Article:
by Countable | 10.17.18
Many government and business leaders favor policy options that put a price on carbon. These are market-based strategies, and if designed effectively, can help to reduce greenhouse gas emissions at the lowest cost.
The Center for Climate and Energy Solutions explains:
“The costs of climate impacts – such as higher sea levels and more frequent and severe heat waves, droughts, wildfires, and downpours – are not reflected in the price of goods and services that emit greenhouse gases. Putting a price on those emissions gives businesses an incentive to reduce them. By giving them flexibility to choose the most economical way to reduce emissions, rather than mandating one approach, pricing also encourages businesses to innovate.”
Importantly, carbon pricing schemes are technology-neutral. They directly target the actual problem – carbon dioxide emissions that contribute to atmospheric warming – rather than favoring a particular solution, such as solar panels or smart meters. The approach thus encourages the marketplace to develop the best possible tools and systems to reduce greenhouse gas emissions.
The U.S. pioneered market-based approaches to pollution. A program to curb sulfur dioxide, the cause of acid rain, was created in 1990 by a bipartisan Congress and launched by President George H.W. Bush. Emissions were cut about twice as quickly as predicted at a fraction of the cost of traditional regulation.
Market-based policies to curb greenhouse gas emissions are in use in 11 states, accounting for more than a quarter of the U.S. population and a third of U.S. GDP.
There are two main types of carbon pricing: carbon taxes and emissions trading systems.
A carbon tax directly sets a price on carbon by defining a tax rate on greenhouse gas emissions or – more commonly – on the carbon content of fossil fuels.
Critics contend that a carbon tax doesn’t guarantee a specific level of emissions reduction, but studies have shown that design elements such as a “ratcheting mechanism” that adjusts the tax upward if initial reductions are too low can solve that problem.
Last week, the Nobel Prize in economics was awarded to William Nordhaus and Paul Romer for explaining how climate change and technological progress impact long-term economic growth. Nordhaus’ work has led him to the conclusion that part of the solution to climate change is a universal carbon tax.
The Climate Leadership Council, a newly formed research and advocacy group, supports a revenue-neutral carbon tax. The Chicago Tribune editorial board published a resounding endorsement of the Climate Leadership Council’s plan:
“Americans don’t have to choose between a free, thriving economy and a healthy planet… The centerpiece [of the Climate Leadership Council’s plan] is a tax on carbon dioxide emissions that would start low and rise over time. At $40 a ton, the initial rate, it would raise gasoline prices by about 36 cents a gallon — a modest increase, but big enough to affect business and consumer decisions.
“Making fossil fuels more expensive would stimulate conservation, speed the shift of power plants from coal to natural gas and make renewable fuels more price-competitive. The result would be a steady reduction in carbon emissions, which in turn would put a brake on global warming.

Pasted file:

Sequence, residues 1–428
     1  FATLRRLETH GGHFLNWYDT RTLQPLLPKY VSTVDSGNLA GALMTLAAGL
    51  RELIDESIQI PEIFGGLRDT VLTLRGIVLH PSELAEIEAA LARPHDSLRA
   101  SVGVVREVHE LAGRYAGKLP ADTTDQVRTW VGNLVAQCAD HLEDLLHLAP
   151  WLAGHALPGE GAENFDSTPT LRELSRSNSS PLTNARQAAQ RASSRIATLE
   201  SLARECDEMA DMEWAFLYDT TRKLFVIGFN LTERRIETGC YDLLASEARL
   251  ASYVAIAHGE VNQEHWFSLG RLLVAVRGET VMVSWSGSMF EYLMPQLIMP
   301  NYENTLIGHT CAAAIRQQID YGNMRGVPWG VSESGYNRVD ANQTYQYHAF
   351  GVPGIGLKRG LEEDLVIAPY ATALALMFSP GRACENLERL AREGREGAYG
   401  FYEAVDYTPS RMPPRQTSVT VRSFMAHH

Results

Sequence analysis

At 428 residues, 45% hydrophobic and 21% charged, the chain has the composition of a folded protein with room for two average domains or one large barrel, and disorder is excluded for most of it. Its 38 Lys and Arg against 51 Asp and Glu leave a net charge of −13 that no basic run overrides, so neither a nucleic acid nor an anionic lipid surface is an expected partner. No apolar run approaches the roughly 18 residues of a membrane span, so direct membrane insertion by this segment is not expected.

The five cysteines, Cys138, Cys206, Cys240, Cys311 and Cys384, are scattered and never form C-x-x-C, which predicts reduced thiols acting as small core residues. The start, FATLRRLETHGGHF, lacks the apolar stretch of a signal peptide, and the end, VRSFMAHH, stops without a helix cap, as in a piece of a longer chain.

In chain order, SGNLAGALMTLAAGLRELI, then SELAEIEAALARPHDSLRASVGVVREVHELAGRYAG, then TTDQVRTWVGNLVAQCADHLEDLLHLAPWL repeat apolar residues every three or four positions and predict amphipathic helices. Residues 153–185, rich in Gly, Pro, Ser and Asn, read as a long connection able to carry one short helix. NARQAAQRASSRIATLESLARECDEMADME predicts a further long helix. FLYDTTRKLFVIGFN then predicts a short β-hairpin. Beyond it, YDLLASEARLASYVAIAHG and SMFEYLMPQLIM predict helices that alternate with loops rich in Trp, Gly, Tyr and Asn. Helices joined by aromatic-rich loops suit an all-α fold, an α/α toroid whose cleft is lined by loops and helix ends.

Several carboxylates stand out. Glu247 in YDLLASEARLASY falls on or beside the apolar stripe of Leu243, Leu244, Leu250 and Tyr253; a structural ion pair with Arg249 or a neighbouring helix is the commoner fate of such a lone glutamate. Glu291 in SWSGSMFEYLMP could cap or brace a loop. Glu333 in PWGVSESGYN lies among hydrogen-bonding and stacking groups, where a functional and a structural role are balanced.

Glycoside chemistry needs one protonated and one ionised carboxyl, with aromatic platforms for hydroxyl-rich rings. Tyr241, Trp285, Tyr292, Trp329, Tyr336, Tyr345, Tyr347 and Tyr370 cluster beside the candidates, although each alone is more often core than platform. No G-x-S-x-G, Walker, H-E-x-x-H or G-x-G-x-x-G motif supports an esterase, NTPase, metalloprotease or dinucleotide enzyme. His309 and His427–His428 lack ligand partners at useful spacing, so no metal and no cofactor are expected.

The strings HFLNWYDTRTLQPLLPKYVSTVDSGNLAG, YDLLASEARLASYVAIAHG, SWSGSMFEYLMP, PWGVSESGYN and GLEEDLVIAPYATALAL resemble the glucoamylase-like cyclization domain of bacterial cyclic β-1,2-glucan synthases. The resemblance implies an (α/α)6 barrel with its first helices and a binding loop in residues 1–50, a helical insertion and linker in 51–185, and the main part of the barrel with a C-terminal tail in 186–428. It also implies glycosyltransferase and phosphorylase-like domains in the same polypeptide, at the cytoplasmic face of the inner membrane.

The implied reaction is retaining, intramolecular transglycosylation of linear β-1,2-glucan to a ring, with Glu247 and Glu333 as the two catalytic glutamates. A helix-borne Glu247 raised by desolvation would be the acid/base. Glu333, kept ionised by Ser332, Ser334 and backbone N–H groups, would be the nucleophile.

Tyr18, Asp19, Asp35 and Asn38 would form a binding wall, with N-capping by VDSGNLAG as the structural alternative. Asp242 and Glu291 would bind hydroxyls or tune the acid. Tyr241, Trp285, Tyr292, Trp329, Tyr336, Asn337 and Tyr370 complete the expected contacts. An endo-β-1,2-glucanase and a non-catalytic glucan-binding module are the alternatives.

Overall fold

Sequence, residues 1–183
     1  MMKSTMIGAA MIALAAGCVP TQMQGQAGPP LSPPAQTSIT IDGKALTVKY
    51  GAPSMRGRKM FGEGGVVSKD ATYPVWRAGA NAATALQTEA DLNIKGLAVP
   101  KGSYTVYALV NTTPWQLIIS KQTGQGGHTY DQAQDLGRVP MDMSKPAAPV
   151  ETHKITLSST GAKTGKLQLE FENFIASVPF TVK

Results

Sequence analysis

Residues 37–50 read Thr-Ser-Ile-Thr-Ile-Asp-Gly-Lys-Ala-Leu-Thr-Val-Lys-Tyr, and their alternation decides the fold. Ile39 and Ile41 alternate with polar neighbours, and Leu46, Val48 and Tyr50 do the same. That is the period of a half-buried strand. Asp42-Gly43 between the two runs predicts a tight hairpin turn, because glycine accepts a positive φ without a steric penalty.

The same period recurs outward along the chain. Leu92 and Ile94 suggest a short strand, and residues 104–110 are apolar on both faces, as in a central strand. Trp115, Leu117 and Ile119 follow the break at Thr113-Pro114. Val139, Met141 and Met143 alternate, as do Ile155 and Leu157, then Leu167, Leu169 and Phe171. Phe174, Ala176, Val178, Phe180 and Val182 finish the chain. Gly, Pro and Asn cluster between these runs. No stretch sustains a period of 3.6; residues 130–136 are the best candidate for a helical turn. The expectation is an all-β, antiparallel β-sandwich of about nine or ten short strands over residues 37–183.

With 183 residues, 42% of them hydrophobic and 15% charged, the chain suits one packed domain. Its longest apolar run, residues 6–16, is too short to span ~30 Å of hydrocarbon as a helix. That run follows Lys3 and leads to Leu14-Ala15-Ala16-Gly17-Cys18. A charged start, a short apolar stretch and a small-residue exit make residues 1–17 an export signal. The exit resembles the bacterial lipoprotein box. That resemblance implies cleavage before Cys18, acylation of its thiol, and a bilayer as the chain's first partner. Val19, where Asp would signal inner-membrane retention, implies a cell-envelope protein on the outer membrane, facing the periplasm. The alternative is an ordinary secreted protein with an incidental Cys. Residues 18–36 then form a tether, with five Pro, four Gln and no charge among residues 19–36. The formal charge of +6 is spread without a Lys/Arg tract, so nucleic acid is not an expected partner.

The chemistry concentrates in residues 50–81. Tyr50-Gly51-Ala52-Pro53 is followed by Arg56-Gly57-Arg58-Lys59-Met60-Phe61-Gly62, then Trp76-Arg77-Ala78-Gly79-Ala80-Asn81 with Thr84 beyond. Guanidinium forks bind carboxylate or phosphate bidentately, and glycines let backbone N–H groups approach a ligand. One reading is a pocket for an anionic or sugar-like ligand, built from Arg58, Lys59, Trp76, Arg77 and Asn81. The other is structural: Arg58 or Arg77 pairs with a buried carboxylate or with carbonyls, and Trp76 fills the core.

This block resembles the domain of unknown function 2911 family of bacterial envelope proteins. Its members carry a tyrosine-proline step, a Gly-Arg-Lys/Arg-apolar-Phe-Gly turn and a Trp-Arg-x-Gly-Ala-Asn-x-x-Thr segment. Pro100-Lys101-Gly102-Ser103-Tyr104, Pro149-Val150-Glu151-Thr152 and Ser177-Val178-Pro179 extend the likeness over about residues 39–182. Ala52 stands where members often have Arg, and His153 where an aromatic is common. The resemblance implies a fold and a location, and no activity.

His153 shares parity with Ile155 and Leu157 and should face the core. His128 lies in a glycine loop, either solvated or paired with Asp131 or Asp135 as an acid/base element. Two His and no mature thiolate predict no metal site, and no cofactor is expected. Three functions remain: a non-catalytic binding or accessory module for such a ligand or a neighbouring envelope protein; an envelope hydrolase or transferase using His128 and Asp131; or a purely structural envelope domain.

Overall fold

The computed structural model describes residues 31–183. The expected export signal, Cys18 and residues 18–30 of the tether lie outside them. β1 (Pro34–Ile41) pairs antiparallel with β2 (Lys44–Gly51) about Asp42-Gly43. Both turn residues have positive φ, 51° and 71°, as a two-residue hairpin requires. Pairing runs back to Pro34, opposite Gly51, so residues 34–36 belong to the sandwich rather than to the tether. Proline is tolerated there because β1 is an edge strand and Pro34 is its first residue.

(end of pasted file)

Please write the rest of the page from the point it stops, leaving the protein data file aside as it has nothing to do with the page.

“Here’s the real attraction for conservatives: This approach would remove the justification for a lot of federal micromanagement. ‘Much of the EPA’s regulatory authority over carbon dioxide emissions would be phased out, including an outright repeal of the Clean Power Plan,’ says the council.”
According to a 2018 survey, 30 percent of regulated electric utilities in the U.S. want an economy-wide price on carbon and other greenhouse gases.
An ETS – often referred to as a cap-and-trade system – caps the total level of greenhouse gas emissions and allows those industries with low emissions to sell their extra allowances to larger emitters. By creating supply and demand for emissions allowances, an ETS establishes a market price for greenhouse gas emissions. It differs from a carbon tax in that it predefines the emission-reduction outcome.
Critics point to problems that actual cap-and-trade programs have confronted, such as weak emissions caps, volatility in emissions allowance prices, and overly generous allocations of emissions allowances. However, these are problems with the design of a cap-and-trade program, and each has a straightforward solution.
According to a 2018 survey, 12 percent of regulated electric utilities in the U.S. want an economy-wide cap-and-trade system for greenhouse gases.
Globally, for every $1 spent to support renewable energy, another $6 are spent on fossil fuel subsidies. These subsidies are intended to protect the poor from fluctuating fuel prices, studies show the wealthiest 20 percent of the population captures six times the benefit from fossil fuel subsidies as the poorest 20 percent.
As of October 2017, Oil Change International estimates U.S. fossil fuel exploration and production subsidies at $20.5 billion annually. Other credible estimates range from $10 billion to $52 billion annually.
In September 2016, the U.S. and China released fossil fuel subsidy peer reviews, in which the two biggest greenhouse gas emitters attempted to increase transparency and to cooperate on climate change remedies. The U.S. self-assessment identified $8.2 billion in subsidies, of which $4.8 billion was deemed inefficient.
Do you support any of the climate change policy remedies above? Do you prefer a different approach? Tell your reps what you think, then share your thoughts below.
—Sara E. Murphy
(Photo Credit: iStock.com / leolintang)
Written by Countable